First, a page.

He did the crime and now he has done the time. The crime was exaggerating – embellishing – even inventing – a few moments in an otherwise admirable career. In telling and re-telling, he put himself in more dangerous positions covering war than he had actually been – not a good thing for an anchor, a correspondent, a star.
Brian Williams’ punishment was a work-release program. Instead of appearing on the main network of NBC, for the past five years he toiled at 11 PM on MSNBC, the cable version of the network, where he provided gravitas, experience, even grace.
Now Williams has announced he is leaving the network,. He has been a pro, listening to his guests, reacting to what they were saying, or what they were not saying. He presided over a recap of the day’s news and also the latest “breaking news” that never seems to stop. And when their segment was over, he thanked his guests, often with a turn of a phrase. (Wish I could come up with a few right now, but they were unfailingly witty and gracious.)
Some Friday nights, Williams’ handsome face has seemed drawn, his hair more gray, at 61, from dog years on the air. I feel the same way from watching MSNBC -- the same commercials for old-people ailments, plus a parade of hosts, some of whom have lost their charm, who natter on, before finally prodding the guests, who can’t always deduce the question, much less the answer.
And for four years, the whole process was polluted by a president who did not know truth or reality, only what he could stuff in his gunnysack.
It’s not all bad, of course. Andrea Mitchell, the noon anchor, has been there, done that, for decades.
Nicolle Wallace and Lawrence O’Donnell have worked inside government; Steve Kornacki can name every county seat in this huge county. Chris Hayes is best in front of an audience. And the younger correspondents out in the field – too many of them to list -- are darn good reporters,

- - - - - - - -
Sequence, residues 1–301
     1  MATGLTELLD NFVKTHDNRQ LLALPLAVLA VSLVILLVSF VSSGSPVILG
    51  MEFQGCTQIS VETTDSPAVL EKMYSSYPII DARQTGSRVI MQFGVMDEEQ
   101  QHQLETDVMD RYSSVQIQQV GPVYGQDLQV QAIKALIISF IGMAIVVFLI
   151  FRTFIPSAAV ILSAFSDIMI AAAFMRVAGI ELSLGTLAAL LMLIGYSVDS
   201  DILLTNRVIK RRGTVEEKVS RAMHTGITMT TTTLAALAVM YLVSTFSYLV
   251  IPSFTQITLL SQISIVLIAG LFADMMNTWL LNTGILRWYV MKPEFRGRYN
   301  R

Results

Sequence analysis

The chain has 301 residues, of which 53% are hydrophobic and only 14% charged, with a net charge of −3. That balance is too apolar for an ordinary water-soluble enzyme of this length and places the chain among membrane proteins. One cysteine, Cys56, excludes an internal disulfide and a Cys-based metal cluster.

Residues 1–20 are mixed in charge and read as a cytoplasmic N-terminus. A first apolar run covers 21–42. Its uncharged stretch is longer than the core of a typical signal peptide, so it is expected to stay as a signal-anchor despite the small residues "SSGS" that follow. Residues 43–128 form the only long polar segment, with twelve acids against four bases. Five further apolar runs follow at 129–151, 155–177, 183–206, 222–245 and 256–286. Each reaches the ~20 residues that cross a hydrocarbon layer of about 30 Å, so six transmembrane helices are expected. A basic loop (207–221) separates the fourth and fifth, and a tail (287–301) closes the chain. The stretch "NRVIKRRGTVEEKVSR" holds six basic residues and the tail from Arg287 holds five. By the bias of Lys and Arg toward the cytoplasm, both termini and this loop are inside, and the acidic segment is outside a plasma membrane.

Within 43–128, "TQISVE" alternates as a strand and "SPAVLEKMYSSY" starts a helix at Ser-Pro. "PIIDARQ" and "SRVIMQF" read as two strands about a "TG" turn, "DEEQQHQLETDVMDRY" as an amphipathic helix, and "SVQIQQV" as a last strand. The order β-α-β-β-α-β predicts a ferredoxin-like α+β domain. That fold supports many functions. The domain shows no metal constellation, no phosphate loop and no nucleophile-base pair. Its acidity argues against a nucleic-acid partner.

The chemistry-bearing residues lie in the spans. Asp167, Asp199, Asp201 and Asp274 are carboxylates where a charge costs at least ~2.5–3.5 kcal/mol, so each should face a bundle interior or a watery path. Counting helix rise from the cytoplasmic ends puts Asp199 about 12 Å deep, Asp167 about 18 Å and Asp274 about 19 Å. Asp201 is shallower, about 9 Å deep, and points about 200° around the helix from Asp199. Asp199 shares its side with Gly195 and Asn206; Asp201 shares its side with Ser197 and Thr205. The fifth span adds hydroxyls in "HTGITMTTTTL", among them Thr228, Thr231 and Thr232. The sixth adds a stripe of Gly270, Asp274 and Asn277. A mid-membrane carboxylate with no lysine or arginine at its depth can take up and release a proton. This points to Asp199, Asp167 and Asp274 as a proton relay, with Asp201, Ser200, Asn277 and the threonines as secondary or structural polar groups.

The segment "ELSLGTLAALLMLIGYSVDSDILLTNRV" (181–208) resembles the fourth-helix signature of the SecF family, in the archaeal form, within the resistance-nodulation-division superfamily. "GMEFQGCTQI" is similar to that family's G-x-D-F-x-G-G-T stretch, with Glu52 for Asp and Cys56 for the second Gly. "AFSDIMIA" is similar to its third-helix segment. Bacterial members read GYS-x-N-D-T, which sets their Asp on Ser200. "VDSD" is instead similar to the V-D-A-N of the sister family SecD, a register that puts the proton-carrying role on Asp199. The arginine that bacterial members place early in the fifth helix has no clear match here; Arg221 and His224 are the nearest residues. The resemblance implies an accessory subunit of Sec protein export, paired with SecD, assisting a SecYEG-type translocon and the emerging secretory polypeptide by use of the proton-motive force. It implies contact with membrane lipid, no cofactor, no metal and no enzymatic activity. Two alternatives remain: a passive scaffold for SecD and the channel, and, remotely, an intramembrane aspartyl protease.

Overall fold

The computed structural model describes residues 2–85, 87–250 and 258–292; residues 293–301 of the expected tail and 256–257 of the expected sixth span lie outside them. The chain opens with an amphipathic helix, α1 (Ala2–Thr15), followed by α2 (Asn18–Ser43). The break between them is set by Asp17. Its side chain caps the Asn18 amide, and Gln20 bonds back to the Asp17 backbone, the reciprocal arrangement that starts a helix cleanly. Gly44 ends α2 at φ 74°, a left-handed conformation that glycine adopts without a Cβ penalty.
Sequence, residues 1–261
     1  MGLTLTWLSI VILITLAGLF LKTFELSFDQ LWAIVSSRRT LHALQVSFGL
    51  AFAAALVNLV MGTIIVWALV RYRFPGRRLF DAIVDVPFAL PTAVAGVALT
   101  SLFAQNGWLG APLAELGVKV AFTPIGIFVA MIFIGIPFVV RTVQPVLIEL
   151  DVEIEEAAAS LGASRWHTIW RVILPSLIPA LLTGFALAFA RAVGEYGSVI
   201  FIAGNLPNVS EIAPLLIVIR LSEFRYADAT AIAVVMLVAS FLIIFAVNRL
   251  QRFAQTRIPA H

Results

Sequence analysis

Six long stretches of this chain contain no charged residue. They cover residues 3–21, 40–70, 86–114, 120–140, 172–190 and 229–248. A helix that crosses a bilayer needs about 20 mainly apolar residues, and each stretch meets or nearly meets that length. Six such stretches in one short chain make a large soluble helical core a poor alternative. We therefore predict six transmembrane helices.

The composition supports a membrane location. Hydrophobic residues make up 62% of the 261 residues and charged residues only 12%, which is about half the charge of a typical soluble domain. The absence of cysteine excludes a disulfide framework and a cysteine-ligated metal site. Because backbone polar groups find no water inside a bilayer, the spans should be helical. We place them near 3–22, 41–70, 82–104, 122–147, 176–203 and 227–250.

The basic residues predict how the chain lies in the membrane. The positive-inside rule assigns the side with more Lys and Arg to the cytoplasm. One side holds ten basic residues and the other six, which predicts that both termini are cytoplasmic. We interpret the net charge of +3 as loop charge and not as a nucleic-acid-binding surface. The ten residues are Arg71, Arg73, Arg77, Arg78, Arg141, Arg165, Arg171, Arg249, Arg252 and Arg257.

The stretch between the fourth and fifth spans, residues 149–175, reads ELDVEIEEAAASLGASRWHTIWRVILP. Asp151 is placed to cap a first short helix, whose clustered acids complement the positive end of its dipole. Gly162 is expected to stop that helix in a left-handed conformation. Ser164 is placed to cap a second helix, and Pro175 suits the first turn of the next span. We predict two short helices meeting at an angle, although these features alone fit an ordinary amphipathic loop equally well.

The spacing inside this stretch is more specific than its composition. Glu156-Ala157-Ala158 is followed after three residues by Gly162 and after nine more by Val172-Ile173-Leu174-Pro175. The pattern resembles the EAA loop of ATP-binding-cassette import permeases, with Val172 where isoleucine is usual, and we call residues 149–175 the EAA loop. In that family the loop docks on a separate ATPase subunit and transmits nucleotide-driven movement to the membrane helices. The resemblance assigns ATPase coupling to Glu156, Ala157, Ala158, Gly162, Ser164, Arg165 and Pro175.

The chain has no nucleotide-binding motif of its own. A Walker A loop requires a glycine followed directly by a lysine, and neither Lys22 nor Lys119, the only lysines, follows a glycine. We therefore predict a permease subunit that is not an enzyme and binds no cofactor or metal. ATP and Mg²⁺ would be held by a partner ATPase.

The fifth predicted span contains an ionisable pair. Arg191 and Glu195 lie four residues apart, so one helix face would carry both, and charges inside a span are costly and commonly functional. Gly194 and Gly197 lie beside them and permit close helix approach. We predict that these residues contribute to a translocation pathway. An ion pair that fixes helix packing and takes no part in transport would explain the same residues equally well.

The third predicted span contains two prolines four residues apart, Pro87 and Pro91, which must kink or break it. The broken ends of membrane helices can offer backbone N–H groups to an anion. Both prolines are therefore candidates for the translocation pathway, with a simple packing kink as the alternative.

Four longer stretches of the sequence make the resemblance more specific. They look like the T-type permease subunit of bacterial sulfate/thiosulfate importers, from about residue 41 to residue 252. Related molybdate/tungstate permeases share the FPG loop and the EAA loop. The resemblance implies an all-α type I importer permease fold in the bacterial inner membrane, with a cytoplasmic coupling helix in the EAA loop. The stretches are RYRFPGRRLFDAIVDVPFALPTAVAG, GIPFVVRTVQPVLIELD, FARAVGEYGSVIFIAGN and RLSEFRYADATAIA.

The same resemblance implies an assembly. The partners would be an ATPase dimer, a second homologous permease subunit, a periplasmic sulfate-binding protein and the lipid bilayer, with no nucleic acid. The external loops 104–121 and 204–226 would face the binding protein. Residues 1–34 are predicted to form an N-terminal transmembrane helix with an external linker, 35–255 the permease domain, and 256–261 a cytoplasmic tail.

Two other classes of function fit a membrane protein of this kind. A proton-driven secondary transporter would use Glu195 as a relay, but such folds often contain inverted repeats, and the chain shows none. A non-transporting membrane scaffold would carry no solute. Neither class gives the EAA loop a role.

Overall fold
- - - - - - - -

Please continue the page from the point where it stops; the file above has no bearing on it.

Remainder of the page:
I remember when Rachel Maddow would go out in the field to report and editorialize about states polluting their own rivers, states doing their darndest to make Black college students dare to vote in some obscure outback. She was wonderful, and urgent. Now she talks. A lot.
Brian Williams, doing his time, pulled the whole day together in the final 60 minutes.
I don’t know whether Williams is looking to rest and spend time with his family (the standard departure goal for politicians, or come up with a fresh gig in a better time in front of much larger network audiences. That’s up to him. I only know that Brian Williams has been a ray of experience and poise. Thanks, man.
(Why We Still Hunker)
“….this is really an old person’s disease now. That was true at the beginning of the outbreak, but it’s becoming even more true now. It’s quite possible that we’ll see increasing relative vulnerability among the old, which is to say people who are in middle age are going to feel pretty safe living a totally normal life. But people of their parents’ generation may not ever. That’s because they have a much harder time building up immunity, which means they lose the benefits of the vaccines and previous exposure much more quickly.
---Jonathan Wolfe, The New York Times, daily Coronavirus Briefing, Aug. 3, 2022
Should Donald Trump Be Prosecuted?
Rep. Liz Cheney, on ABC TV:
“Ultimately, the Justice Department will decide that. I think we may well as a committee have a view on that and if you just think about it from the perspective of what kind of man knows that a mob is armed and sends the mob to attack the Capitol and further incites that mob when his own vice president is under threat, when the Congress is under threat. It's just -- it’s very chilling and I think certainly we will, you know, continue to present to the American people what we found.”